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Christianna Carr finds her voice

K-State women's basketball guard Christianna Carr (43) sits on the steps of the Kansas State Capitol. She participated in a peaceful protest in Topeka, Kansas on May 30, 2020.
K-State women's basketball guard Christianna Carr (43) sits on the steps of the Kansas State Capitol. She participated in a peaceful protest in Topeka, Kansas on May 30, 2020.(WIBW)
Published: Jun. 10, 2020 at 9:57 PM CDT
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"How do you imagine yourself dying?" Peyton Williams said. "How many times do you think about death on your morning jog? How often do you worry about getting shot within your own home? When you're pulled over?"

These are the words of one teammate standing with another.

"When I think about the above questions, I see my privilege reflected in the answers. It is a privilege for me not to have to think about those things." Williams said.

"There are some people who are afraid to speak up, but they need to." Christianna Carr said. "To see Peyton speak up on that topic really meant a lot to me"

Christianna Carr can't get the image of George Floyd's death out of her mind.

"I watched the video a whole bunch of times," Carr said. "I just watched it from just listening to his voice, watching the other people's reactions, watching the police's reactions. Um, I mean, I cried a lot watching a video. It was, it was a really hard video to watch."

As the conversation developed in the national spotlight, she felt inspired to add her voice.

"You don't have to know who I am, but you happen to come across this tweet." Carr said. "So now you know who I am and hopefully this tweet will change your mind about things that was kinda my mindset."

She next took the conversation from twitter to the real world.

"Then I went to the Topeka protest and I was kinda like, okay, I was, I was in the back holding my sign." Carr said. "I was with my friends and something kind of just told me like, Hey, move forward. And then I was standing next to all the group of the people that were speaking. And I was, I was standing up there facing the crowd and I was just looking at how many people were there. And once we started marching. I turned to my friend and I was like, do you think I should start a chat? And she was like, I'm with you all the way, if you decide to do it. And so I was like, I mean, shoot, I can yell this lot on a basketball court. So I might as well use it for something else too. And so I started chanting and people were following along and, and that's where I really feel like I found my voice."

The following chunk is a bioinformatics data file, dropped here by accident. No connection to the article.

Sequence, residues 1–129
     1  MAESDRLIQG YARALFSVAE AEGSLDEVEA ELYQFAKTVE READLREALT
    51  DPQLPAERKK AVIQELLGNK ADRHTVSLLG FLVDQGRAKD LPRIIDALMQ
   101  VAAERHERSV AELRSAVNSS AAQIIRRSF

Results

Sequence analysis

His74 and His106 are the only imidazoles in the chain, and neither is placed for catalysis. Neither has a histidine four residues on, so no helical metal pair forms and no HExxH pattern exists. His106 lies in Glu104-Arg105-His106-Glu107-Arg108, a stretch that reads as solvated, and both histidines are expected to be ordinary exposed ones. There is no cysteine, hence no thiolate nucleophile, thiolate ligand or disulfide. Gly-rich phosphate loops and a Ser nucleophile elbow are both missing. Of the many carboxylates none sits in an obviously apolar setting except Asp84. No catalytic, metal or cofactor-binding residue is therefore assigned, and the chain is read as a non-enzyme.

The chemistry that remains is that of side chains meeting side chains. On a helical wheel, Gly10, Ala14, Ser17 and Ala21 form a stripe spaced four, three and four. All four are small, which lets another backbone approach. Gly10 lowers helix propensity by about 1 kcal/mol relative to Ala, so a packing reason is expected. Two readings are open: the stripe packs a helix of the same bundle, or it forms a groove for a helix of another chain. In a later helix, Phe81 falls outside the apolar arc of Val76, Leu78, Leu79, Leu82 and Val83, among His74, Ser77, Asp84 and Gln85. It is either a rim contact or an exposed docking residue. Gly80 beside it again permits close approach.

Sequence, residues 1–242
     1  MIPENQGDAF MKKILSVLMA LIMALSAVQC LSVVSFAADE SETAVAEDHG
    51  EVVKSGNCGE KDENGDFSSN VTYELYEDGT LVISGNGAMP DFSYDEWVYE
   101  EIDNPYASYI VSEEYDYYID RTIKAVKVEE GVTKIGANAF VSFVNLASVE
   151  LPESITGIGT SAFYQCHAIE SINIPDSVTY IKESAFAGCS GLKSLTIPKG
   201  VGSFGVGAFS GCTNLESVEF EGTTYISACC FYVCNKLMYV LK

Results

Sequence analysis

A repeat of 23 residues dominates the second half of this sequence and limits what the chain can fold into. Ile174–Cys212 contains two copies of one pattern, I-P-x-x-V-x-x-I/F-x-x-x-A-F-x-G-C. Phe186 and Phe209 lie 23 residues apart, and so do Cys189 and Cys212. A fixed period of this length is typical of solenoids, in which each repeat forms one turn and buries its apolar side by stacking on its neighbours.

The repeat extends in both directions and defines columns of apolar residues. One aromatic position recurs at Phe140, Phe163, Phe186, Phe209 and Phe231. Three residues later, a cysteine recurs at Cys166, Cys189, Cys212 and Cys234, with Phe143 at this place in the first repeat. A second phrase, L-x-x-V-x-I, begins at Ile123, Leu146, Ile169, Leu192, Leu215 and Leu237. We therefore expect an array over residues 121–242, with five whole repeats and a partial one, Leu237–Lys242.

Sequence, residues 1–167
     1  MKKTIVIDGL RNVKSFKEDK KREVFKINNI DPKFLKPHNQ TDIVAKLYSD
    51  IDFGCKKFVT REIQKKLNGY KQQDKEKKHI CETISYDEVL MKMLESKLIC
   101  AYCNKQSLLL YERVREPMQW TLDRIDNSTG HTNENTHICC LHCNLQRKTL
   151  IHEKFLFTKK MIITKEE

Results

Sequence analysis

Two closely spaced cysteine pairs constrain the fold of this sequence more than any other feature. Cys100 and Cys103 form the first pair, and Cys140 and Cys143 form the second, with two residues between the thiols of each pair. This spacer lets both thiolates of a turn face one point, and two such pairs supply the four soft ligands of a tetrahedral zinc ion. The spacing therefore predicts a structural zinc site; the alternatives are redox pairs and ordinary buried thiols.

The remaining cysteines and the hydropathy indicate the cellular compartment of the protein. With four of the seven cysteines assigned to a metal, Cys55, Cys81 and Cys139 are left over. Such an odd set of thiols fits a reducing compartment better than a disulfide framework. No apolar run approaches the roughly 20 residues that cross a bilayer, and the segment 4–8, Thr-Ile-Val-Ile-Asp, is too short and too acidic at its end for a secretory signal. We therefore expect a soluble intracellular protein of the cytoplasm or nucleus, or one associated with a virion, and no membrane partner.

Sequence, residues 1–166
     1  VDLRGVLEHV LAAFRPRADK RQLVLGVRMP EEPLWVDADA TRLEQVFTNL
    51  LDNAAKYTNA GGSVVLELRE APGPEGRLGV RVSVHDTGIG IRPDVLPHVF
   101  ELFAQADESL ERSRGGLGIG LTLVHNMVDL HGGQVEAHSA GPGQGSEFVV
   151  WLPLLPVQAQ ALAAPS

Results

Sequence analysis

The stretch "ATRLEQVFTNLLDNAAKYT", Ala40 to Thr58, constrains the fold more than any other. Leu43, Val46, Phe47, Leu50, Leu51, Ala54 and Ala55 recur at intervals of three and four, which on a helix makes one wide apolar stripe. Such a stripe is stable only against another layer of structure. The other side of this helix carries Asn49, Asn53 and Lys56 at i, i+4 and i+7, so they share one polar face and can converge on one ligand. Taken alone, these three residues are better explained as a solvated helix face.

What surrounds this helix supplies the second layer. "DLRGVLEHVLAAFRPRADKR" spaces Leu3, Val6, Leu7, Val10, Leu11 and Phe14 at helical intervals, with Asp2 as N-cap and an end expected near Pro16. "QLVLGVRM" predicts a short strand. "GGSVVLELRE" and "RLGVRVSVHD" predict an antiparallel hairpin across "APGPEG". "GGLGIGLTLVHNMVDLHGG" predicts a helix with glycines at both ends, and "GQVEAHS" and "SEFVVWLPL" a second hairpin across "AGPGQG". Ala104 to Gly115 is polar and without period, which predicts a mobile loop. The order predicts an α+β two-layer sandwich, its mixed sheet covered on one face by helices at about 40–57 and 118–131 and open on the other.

As she found her voice, she found another friend. Her teammate.

"You know, it was an accident that we ran into each other at the Capitol." Williams said.

"My phone buzzed and it was Peyton. She texts me and goes, "I see you." Carr said.

"I saw her at the front. Um, she was right up there in the thick of it." Williams said.

"And I just see two big hands shoot up and wave. And I was like, Oh my goodness." Carr said.

"She's found her voice in a lot of this and it's really awesome to see her and, uh, leading in that way." Williams said.

Standing together off the court, in a battle one has always known, and the other is still learning.

"It's important to not be indifferent during this time. It's important to show your solidarity and show your support and to use your voice during this time, especially as a White American." Williams said.

The hope is that everyone will join their team.

""I'm more than just somebody who just plays for K state." Carr said. "I'm more than just a person behind the number. I'm more than just a black student athlete. I have struggles. That would be the biggest thing that I would say to take away from all of this is that you need to focus on stuff outside of just sports. You need, you need to care outside of sports too."

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